Tuesday, December 14, 2010

Is Milk Sugar Bad for You?

Is skim milk good for you? I understand that it has no fat and is the reason why I have it. But all the carbs it has is from sugar, is this a bad thing?  -- Harry K.

 Yes, milk sugar (lactose) occurs naturally in milk; but this is not a bad thing! The reason sugars should be consumed in moderation is because, when used as an added sweetener, they contribute calories without nutrients. Milk provides valuable vitamins and minerals, so enjoy 2-3 servings a day of milk and dairy products!

Sunday, November 21, 2010

Is High Fructose Corn Syrup Really That Bad?

I was wondering what you think about high fructose corn syrup. I've heard conflicting thoughts and wanted to know if it's really that bad for you?  Danielle A.

Hi Danielle,
Good question!

Corn syrup itself does not contain fructose. Food scientists realized if they added fructose to corn syrup, it would be a good medium to add to sweeten foods and beverages. It has a texture different from sugar crystals that lends itself well to a lot of products. There really isn't any such thing as "low-fructose corn syrup". At the time, it was just a way of identifying corn syrup that had fructose added to it, period.

In my professional opinion, it's not that high-fructose corn syrup is worse than sugar in any way--it has the same number of calories gram for gram--but it's the fact that so many things nowadays are unnecessarily sweetened. Why do they need to add sweetener to fruit juices? canned fruits? bread?

In moderation, there isn't anything wrong with this method of sweetening certain products. It's the fact that some people consume sugars (of any kind) in excess amounts and frequency that eventually leads to obesity and many chronic diseases.
You can find more details about high-fructose corn syrup on the website, SweetSurprise.com.

Wednesday, November 3, 2010

How Do I Prepare for a Healthy Pregnancy?

My husband and I want to start trying to have a child next October. I've been reading up on how important it is to prepare your body for such a big change but I'm not sure if i'm jumping the gun too early. If I'm not, what should I be doing food-wise to help myself? I'm going to start working out (which i do just not as much as I should be).
Stacy N.

Hi Stacy,
It's great you are preparing in advance for a healthy pregnancy--way to go!
That's such exciting news. And I don't believe it's ever too early to start eating healthy.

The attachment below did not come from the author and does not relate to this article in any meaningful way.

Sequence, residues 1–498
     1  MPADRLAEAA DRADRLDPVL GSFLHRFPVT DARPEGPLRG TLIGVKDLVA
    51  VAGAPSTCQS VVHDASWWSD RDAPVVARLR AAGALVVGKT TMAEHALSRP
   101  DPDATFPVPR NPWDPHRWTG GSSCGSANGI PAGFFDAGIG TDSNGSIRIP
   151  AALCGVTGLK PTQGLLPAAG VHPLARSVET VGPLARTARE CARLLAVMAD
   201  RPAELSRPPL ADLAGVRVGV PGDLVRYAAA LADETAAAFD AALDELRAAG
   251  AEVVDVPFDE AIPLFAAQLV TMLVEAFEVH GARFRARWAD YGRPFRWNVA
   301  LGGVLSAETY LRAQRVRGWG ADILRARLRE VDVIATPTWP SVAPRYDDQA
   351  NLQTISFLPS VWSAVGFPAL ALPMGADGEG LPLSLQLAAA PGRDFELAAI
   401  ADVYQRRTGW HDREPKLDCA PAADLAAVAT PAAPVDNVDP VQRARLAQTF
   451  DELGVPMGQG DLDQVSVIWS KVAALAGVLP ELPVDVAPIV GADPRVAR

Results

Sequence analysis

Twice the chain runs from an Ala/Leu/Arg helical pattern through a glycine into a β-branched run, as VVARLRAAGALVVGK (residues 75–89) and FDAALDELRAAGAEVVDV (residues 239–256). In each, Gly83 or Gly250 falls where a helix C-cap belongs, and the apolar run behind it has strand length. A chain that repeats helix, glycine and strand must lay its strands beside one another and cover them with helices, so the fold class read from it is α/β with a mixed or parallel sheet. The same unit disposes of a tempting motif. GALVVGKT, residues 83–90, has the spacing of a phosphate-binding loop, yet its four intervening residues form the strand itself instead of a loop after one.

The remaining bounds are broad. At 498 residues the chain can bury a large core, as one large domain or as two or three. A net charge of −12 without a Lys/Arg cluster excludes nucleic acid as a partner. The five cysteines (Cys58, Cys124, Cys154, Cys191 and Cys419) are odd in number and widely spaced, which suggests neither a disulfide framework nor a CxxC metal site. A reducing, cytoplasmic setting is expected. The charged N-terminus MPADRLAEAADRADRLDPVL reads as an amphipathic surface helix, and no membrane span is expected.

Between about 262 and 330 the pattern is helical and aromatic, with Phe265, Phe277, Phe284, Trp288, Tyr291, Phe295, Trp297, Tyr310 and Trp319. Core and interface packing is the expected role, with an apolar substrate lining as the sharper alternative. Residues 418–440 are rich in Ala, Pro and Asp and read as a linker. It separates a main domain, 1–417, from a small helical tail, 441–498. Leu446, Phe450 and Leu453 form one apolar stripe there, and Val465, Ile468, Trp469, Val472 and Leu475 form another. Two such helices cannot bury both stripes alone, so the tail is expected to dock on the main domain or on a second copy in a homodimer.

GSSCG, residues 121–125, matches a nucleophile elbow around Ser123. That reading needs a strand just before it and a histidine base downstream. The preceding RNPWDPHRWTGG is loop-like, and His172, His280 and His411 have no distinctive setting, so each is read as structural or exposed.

Here's what I would suggest:
First, look for a multivitamin supplement that meets the daily values for most vitamins, especially folic acid. This is a B vitamin that is essential for proper cell division, which occurs in the first several weeks of pregnancy when most women are not even yet aware they are carrying a fetus.

Second, look for healthy eating guidelines at http://www.mypyramid.org/ and start developing healthy diet habits:  Drink plenty of fluids, include fresh fruits and vegetables, and limit excess fats and sweets. This way you won't have to worry about changing all these old habits when you become pregnant and have other things on your mind!

There are also a lot of new food items suggested to avoid in pregnancy. It's probably not too soon to get yourself of copy of "What to Expect when You're Expecting", the virtual bible for pregnant women. It has information on preparing for your pregnancy and lets you follow along each week to find out what is going on inside your body with the baby's development as well.

For exercise, find an activity or a class you like at the gym--it could be anything from spinning to a step class to brisk walking or taking a nice bike ride. Just get in the habit of being physically active 30 minutes on most days and you'll be in another good habit by the time you're ready to carry a baby.

Good luck, and send pictures :)

Tuesday, October 12, 2010

Plateau on the Atkins Diet

I've been in the induction phase of atkins now for 5 months and have lost 65lbs. My daily calorie intake is 1500 average and doing 1:45 excercise 5 days a wk.60 yrs old male.I still need to lose 35lbs. 2 questions please. Why has my loss rate gone down to 1 kilo per week ?When I exercise on atkins am I primarily burning fat,indifferent to whether I work in the aerobic" Fat burning zone" or "cardio zone"?  Larry G.